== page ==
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What the Kin phone (RIP) revealed about Microsoft's future

Call the next of Kin.

Barely two months after its release, Microsoft has pulled the plug on its "Kin" smartphone.

But during its brief lifetime, the handset offered an intriguing insight into Microsoft's possible future plan for storing data from all all your devices in one online location.

The Kin was rated "simply stunning" by influential* gadget site Gizmodo for its ability to automatically upload everything on your phone - from txt to photos - so you could access all your mobile phone stuff from any PC (read: How a Silly Phone for Teens Reveals Microsoft's Plan for Us All).

NBR thought that sounded rather clever and useful - and that it could well offer an early glimpse of a broader Microsoft plan to let people store all their stuff, from any device, in a single online location. A personal cloud, if you will.

But, sadly, your correspondent was unable to draw anything but blank or noncommittal responses from Microsoft, Telecom and Vodafone about a possible New Zealand release for the Kin. (So just like most Windows Mobile phones then. Joking - Editor)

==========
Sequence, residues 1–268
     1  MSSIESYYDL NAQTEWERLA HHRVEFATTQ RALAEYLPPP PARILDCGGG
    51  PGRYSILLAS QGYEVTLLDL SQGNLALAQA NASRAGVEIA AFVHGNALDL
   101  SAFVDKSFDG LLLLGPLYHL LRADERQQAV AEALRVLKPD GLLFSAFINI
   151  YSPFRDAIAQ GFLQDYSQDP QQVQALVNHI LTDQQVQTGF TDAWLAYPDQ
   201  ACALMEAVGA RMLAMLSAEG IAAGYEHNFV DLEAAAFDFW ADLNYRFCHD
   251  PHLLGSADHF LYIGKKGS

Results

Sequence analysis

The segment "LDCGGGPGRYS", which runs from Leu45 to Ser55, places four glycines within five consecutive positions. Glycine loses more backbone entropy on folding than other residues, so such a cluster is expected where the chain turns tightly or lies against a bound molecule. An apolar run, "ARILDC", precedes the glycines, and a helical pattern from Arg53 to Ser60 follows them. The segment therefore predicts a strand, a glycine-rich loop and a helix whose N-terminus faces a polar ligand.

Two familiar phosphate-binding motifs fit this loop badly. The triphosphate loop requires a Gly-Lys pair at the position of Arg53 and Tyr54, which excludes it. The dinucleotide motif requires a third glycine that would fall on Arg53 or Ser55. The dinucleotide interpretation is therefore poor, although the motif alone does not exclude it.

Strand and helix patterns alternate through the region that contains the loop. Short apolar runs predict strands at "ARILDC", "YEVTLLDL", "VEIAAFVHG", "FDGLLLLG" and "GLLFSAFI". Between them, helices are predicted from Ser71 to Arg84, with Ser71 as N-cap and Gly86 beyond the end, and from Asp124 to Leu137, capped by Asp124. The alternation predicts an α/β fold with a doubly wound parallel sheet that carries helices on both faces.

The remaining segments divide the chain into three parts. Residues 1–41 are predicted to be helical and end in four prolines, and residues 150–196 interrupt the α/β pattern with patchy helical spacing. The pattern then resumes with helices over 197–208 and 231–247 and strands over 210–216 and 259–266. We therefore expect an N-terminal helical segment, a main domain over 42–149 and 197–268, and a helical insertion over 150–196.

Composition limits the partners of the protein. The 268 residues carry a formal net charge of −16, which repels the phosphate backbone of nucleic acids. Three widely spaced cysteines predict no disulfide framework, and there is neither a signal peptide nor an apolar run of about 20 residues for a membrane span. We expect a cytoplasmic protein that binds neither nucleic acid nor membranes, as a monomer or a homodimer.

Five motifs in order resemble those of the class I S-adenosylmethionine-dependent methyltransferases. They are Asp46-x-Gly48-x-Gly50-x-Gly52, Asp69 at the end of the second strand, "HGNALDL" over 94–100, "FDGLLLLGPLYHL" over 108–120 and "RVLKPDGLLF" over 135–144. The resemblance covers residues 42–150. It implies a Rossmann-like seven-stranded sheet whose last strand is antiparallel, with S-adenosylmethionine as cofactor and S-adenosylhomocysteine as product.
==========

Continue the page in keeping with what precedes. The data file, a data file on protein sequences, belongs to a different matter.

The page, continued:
Now, it will never be.

According to a statement, staff on the Kin will be redeployed to Microsoft's Windows Phone 7 project. The first Windows Phone 7 devices - not to be confused with the current Windows Mobile (keep up!) - are due by the end of the year. They will go up against rivals including Apple's iPhone, and a growing school of Google Android-based handsets.

Designed to be a user-friendly phone focussed on messaging and social networking, the Kin went on sale in the US in May through the part Vodafone-owned Verizon Wireless.  

A high-end model cost $US99, a entry level model $US49. Last week, the price of both was halved, presumably in response to slow demand. Obviously, it wasn't enough.

* Actually, not so influential in this instance.